What Democrats' Senate majority means for the Mideast

Incoming Senate Foreign Relations Committee Chairman Bob Menendez opposed the Iran nuclear deal and has been a proponent of the US recognizing the Armenian genocide.

al-monitor President-elect Joe Biden (C) rallies with Democratic candidates for the US Senate Jon Ossoff (L) and the Rev. Raphael Warnock (R) the day before their runoff election in the parking lot of Center Parc Stadium on Jan. 4, 2021 in Atlanta, Georgia.  Photo by Chip Somodevilla/Getty Images.

Jan 20, 2021

The Democratic Party now has a narrow majority in the US Senate following Joe Biden’s inauguration as president Wednesday. The shift from a Republican-controlled chamber will have effects on the Senate Foreign Relations Committee and US policy in the Middle East.

There are 50 Republicans, 48 Democrats and two Independents (who caucus with Democrats).  Democrats possess a one-vote majority when taking into account the role of Vice President Kamala Harris, who also serves the role of 'president of the Senate.' This also allows Democrats the majority to claim the chairmanship of committees.  

With the shift, New Jersey Democrat Bob Menendez is expected to replace Idaho Republican Jim Risch as chairman of the Senate Foreign Relations Committee, a Republican Senate aide told Al-Monitor on Wednesday. Menendez, the highest-ranking Democrat on the committee, was previously chairman from 2013 to 2015.

Menendez has an extensive record on Middle East issues. In October, he was instrumental in convincing the Library of Congress to use the term “Armenian Genocide” in reference to the killings of Armenians in the early 20th century in Turkey. In September, he told Trump administration officials that the sale of F-35 fighter jets to the United Arab Emirates would undermine the US commitment to Israel’s regional military superiority.

Menendez notably broke with members of his party in 2015 when he voted against the Iran nuclear deal. Biden’s nominee for secretary of state, Antony Blinken, told the Senate this week that the new administration will consider returning to the agreement if Iran complies with the pact's stipulations.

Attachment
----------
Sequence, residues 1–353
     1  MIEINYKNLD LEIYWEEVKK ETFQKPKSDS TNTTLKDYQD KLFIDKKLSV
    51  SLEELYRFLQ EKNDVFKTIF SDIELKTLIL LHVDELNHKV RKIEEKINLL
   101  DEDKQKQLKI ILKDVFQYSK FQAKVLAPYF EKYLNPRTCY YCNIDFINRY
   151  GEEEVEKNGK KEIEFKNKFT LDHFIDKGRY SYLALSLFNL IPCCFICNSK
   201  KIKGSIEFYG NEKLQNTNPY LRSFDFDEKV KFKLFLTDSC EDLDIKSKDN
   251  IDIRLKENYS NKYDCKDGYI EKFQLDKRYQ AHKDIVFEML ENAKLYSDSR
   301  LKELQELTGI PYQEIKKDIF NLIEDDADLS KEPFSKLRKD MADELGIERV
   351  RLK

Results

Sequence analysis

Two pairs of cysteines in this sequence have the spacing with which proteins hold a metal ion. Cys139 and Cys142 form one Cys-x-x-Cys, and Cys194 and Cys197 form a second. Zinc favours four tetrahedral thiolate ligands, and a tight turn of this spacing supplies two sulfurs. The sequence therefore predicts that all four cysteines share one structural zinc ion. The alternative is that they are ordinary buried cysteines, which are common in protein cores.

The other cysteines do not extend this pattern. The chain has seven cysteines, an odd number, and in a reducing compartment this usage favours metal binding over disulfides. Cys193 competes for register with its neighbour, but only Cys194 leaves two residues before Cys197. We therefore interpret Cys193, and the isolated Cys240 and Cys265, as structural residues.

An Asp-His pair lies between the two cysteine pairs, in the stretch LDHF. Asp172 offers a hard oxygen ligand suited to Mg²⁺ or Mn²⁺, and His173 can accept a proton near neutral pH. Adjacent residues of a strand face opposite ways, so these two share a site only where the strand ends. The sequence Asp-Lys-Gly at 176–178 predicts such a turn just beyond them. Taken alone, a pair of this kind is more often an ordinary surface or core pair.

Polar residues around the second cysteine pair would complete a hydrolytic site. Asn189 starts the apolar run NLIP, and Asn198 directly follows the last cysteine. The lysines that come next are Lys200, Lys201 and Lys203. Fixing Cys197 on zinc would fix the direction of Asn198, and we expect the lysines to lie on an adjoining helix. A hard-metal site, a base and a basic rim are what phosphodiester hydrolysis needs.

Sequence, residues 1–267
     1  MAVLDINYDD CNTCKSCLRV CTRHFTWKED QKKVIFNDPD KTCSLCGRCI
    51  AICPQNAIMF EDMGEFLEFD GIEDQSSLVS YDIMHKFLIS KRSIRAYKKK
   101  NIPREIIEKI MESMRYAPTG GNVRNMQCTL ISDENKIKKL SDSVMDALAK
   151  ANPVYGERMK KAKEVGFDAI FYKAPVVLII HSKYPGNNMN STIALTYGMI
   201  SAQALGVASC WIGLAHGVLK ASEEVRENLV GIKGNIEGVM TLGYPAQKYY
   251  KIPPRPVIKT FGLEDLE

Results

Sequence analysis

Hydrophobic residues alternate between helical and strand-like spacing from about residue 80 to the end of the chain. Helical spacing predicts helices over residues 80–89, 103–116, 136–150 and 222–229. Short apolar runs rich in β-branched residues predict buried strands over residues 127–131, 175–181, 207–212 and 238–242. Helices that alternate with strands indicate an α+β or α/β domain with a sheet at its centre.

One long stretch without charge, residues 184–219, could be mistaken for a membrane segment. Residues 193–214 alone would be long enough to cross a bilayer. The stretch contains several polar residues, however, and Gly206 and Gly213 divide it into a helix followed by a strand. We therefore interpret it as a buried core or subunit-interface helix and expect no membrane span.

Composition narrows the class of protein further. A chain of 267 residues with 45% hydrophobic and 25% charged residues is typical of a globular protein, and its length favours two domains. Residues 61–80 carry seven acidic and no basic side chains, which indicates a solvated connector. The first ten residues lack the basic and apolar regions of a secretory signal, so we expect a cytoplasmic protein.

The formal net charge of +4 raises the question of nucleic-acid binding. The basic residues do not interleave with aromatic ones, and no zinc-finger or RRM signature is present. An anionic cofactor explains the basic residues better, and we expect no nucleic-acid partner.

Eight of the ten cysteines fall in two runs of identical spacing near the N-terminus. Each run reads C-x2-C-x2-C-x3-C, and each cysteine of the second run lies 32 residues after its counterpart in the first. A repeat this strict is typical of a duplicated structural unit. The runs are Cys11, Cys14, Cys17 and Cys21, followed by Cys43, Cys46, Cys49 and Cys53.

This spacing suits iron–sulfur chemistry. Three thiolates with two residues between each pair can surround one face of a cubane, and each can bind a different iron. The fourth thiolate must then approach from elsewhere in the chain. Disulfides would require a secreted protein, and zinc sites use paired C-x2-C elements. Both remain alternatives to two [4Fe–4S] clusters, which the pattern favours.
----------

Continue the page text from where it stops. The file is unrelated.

A rising number of progressives in Congress often adopt more pro-Palestine positions. The advocacy director for one Palestine-focused organization said the new Senate should stop aid to Israel.

“The Democratic-led Senate should enforce US law, including the Foreign Assistance Act and Arms Export Control Act, which prohibits aiding human rights abusers,” Raed Jarrar told Al-Monitor.

Israeli officials have welcomed Biden, a long time friend of Israel and Israeli Prime Minister Benjamin Netanyahu. And while a few Senators are willing to consider a slightly more conditional approach to Israel, they are in the minority.

Republicans could try to thwart any attempt by Biden to return to the Iran nuclear deal. Considering that they have 50 seats and some Democrats voted against the deal the first time around, they could be successful.

Connecticut Democratic Sen. Chris Murphy has also vowed to continue fighting the weapons sales to the UAE that the Trump administration made last year. Such weapons transfers can take years to complete.

The Democrats also have a majority in the House of Representatives. House Foreign Relations Committee Chairman Gregory Meeks, a New York Democrat, introduced on Jan. 15 legislation opposing arms sales to Saudi Arabia in one of his first acts as the panel's leader. The previous chairman, Eliot Engel, lost his Democratic primary election last year.

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